Applications have already closed for this summer; but check the website for late openings and other opportunities. ★
BY KAT BRAZ
The Spinning Axe
Barbara Huddleston spent years growing her catering and event business. At the start of 2020, her calendar was booked with weddings, parties and corporate events. When the pandemic forced the cancellation of large gatherings, Huddleston watched her business evaporate almost overnight. During a trip to Bowling Green, Kentucky, over Labor Day weekend, she discovered a new passion — axe throwing.
“We actually went to visit Mammoth Cave, but it was closed due to COVID,” Huddleston says. “Looking for other things to do we found an axe throwing place near our hotel. About four throws in, I realized I loved it. I knew I needed to bring this sport back to Lafayette.”
That’s right. Urban axe throwing is a worldwide sport growing in popularity. The World Axe Throwing League, formed in 2017 by representatives from Canada, the United States, Brazil and Ireland, holds sanctioned tournaments year-round. Budding future champions could reside right here in Tippecanoe County and get their start at Huddleston’s latest enterprise, The Spinning Axe, 351 South St., Lafayette. After returning from her trip, Huddleston leased the location and took about seven weeks transforming a former sushi restaurant into an axe throwing venue and bar serving wine, beer, liquor and snacks such as nachos, pizza, soft pretzels and popcorn.
The family-friendly venue (they recommend ages 10 and up, depending on the physical ability of the child) accepts walk-ins and reservations, which are encouraged for large groups and on Saturdays. After signing a waiver, guests are assigned to a lane and an axe coach reviews safety precautions, gives pointers and explains different types of games that can be played. At the end of the lane, a large round bullseye painted on wooden boards serves as the target.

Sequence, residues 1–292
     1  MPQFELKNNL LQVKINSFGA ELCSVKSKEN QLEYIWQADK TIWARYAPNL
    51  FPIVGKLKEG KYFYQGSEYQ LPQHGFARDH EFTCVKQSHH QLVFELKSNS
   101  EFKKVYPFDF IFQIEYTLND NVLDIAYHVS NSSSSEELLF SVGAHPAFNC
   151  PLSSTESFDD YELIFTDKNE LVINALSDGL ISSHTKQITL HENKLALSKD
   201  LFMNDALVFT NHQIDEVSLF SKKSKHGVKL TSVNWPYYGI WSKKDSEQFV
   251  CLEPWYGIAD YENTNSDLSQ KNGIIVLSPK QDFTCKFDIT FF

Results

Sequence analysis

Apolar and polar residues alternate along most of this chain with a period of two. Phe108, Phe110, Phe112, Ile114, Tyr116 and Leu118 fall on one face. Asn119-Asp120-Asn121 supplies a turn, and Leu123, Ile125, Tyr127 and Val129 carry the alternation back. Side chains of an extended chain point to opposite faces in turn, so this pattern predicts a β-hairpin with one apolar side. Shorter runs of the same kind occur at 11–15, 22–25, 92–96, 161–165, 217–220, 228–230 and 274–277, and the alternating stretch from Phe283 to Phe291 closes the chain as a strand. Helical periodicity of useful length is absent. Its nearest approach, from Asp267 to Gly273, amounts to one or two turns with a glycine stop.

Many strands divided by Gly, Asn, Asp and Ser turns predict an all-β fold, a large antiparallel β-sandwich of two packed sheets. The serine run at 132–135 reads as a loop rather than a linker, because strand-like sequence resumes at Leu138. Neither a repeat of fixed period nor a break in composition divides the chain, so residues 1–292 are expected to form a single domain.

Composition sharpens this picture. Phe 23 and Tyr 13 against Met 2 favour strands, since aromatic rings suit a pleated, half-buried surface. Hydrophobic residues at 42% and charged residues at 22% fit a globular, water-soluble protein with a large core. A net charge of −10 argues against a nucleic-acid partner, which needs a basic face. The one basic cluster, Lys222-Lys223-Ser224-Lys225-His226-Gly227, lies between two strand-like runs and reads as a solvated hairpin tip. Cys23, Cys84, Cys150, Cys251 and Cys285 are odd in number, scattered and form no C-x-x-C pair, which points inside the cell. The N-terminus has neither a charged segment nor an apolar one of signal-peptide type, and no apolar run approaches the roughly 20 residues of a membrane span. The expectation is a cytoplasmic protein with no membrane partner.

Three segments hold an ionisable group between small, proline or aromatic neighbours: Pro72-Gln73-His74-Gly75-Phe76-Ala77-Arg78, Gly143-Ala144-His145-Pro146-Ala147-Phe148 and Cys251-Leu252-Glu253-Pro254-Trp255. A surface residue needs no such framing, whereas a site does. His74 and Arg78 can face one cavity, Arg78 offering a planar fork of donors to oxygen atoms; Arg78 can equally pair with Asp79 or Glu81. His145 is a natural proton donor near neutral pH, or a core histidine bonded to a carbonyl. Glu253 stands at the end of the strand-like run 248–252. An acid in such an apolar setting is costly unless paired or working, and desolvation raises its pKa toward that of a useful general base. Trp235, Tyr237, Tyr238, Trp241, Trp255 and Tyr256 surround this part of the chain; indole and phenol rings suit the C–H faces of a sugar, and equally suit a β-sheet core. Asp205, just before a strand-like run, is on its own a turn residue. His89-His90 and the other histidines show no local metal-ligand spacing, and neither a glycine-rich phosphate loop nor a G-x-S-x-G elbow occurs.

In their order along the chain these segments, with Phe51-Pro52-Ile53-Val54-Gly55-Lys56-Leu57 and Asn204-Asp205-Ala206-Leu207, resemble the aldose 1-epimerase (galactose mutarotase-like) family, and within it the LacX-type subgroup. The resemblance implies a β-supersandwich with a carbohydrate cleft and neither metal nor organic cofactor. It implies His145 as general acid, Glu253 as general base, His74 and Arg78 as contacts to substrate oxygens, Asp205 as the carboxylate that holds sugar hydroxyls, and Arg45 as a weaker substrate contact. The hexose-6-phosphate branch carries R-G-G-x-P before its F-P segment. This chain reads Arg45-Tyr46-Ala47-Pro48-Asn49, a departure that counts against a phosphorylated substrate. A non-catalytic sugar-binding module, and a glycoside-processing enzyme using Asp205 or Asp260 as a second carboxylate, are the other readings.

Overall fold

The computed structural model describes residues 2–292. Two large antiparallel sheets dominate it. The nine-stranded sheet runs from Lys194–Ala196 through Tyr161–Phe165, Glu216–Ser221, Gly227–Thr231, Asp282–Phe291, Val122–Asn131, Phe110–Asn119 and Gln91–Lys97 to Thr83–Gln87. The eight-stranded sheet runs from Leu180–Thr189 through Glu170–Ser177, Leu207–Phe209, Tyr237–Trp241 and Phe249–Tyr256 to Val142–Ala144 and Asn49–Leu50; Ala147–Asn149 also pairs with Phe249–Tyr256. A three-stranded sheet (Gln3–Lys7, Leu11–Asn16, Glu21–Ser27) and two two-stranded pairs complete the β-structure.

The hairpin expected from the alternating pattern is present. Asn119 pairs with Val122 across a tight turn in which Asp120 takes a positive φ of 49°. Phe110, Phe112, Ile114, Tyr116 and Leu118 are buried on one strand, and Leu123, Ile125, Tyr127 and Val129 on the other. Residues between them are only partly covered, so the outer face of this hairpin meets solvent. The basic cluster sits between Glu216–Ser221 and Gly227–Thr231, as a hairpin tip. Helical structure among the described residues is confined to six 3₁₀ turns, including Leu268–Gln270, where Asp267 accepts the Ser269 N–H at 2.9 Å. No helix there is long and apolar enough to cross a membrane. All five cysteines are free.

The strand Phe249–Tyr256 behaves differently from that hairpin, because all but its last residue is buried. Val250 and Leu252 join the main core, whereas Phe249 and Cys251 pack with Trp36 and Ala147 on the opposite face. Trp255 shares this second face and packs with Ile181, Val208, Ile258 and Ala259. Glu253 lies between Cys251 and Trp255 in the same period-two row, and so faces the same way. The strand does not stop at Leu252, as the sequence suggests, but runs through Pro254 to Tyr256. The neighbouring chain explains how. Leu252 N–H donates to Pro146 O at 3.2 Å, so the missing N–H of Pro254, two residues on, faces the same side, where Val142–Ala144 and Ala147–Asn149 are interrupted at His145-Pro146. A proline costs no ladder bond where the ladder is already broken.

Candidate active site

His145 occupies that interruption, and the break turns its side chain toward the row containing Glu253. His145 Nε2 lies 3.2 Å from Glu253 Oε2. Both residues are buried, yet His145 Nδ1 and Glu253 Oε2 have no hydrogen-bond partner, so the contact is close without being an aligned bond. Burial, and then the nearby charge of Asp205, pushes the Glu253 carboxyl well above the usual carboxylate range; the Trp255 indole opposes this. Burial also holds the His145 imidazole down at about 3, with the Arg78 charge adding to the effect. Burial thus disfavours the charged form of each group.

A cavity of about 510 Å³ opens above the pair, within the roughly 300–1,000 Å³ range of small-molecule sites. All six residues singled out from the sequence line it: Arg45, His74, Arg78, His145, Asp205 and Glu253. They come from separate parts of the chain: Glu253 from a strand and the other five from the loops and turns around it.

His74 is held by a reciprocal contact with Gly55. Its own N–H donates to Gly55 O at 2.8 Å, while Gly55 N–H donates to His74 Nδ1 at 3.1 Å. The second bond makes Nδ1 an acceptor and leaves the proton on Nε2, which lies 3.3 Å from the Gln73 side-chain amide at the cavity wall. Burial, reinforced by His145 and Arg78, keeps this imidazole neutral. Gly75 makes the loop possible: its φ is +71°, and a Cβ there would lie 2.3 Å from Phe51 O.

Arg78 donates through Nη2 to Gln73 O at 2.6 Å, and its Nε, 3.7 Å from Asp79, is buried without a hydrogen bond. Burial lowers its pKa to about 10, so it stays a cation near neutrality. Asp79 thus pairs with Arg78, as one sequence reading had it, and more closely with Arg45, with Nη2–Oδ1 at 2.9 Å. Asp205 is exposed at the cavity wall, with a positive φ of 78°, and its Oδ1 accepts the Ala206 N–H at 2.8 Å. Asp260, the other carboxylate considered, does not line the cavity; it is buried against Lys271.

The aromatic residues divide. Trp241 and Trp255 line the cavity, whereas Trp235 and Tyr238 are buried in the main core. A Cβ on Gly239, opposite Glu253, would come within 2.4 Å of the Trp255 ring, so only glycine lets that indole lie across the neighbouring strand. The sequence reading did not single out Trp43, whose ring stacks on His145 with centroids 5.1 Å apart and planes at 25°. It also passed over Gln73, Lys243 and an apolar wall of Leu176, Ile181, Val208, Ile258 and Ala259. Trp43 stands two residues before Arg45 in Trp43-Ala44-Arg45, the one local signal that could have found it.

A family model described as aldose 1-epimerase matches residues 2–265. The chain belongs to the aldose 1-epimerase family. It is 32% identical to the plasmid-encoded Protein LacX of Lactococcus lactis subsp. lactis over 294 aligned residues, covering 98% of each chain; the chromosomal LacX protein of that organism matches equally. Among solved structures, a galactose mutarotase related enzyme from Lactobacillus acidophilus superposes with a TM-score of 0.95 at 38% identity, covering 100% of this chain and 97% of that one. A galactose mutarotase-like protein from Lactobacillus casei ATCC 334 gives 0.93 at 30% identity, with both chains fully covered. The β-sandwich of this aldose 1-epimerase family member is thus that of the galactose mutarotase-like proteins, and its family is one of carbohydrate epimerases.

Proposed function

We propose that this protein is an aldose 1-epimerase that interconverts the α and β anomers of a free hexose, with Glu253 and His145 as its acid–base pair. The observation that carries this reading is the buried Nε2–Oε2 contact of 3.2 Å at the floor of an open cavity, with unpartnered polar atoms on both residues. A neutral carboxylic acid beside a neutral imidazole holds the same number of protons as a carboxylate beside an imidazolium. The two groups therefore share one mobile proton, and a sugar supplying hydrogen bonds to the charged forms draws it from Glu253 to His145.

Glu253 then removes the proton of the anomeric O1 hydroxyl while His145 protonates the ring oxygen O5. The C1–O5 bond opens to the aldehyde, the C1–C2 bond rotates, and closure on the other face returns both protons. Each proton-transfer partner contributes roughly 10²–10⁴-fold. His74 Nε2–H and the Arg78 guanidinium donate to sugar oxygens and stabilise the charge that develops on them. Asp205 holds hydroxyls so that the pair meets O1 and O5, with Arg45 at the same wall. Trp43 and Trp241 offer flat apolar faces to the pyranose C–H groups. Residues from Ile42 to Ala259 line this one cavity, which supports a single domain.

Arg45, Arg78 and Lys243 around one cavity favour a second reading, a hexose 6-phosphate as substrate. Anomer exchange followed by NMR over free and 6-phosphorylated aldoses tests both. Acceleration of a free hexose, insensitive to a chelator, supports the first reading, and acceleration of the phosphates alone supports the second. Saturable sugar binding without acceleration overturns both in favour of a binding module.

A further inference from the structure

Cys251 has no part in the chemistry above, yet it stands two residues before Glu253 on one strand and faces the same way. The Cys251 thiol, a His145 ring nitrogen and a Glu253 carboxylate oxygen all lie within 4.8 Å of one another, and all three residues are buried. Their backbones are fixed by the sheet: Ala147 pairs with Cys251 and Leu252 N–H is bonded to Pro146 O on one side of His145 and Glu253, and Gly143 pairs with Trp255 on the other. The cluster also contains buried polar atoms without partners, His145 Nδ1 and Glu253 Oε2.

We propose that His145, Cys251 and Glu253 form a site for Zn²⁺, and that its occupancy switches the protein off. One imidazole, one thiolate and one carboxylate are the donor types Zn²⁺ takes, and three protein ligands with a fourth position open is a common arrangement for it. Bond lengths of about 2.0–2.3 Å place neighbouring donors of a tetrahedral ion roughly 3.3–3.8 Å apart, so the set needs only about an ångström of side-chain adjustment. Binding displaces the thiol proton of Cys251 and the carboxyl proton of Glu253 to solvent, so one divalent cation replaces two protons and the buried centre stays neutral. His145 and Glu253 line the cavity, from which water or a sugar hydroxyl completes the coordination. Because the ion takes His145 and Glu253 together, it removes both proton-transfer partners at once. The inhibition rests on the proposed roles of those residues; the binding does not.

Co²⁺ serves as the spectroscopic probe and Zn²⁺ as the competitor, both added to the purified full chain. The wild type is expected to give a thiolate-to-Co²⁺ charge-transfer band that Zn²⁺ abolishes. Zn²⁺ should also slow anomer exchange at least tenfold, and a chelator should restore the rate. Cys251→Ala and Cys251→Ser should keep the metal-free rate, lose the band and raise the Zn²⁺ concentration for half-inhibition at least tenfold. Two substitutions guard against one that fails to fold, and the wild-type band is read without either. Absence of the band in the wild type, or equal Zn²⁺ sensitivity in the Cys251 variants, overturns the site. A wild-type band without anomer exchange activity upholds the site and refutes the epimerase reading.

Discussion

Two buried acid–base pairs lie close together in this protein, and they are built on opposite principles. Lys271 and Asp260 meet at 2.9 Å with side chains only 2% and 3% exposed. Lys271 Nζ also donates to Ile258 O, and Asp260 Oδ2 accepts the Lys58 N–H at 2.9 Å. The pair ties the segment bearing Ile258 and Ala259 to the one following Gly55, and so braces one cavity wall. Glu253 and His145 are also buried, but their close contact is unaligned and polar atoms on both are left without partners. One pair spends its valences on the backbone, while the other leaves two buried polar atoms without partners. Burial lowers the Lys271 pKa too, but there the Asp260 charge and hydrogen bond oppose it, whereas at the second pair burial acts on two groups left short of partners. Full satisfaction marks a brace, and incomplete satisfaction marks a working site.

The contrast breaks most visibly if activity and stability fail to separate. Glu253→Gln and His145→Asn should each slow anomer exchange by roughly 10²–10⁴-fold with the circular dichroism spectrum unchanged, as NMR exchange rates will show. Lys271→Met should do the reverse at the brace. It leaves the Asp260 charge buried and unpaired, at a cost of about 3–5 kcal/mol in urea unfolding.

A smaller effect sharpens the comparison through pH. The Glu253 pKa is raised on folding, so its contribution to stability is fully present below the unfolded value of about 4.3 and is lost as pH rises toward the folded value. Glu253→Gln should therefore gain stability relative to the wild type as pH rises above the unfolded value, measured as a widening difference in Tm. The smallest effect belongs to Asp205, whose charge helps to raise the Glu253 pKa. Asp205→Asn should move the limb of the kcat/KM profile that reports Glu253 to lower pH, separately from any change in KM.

“I’ve been surprised at the number of women who’ve shown interest in axe throwing,” Huddleston says. “They want to do a girls night out, they want to schedule a date night. That’s been a really cool thing. Axe throwing isn’t as scary as it sounds. Our trained axe coaches will show you how to do it safely. We’re going to help you have a great time.”=
The Spinning Axe is open seven days a week. Cost per hour: Adults $22; Children $15. Military, fire and police personnel receive a discounted rate of $17/hour.
Learning to Thrive
Struggling to take your vitamins? Thrive IV Lounge, 1343 Sagamore Pkwy N, Lafayette, offers a relaxing and hydrating infusion of vitamins, minerals and nutrients directly into your bloodstream for maximum effect. Administered by registered nurses using the same medical grade supplies found in hospitals, the medspa offers an array of therapy treatments to boost immune function, bring migraine relief, reduce inflammation and even recover from a hangover.
Owner Sarah Kurtz was inspired to open an IV lounge after learning about the rising popularity of drip spas in other parts of the country. As an emergency room nurse for the past seven years, Kurtz wanted to offer preventative care that might help keep chronic condition patients out of the ER.
“There’s just not enough information out there for people to understand the importance of how to prevent getting sick,” Kurtz says. “By building the immune system, getting a lot of sleep, staying, hydrated, taking the correct vitamins and eating healthy you can prevent a lot of things from being a lot worse. After all these years in medicine, I’m just taking a different approach to help people get there.”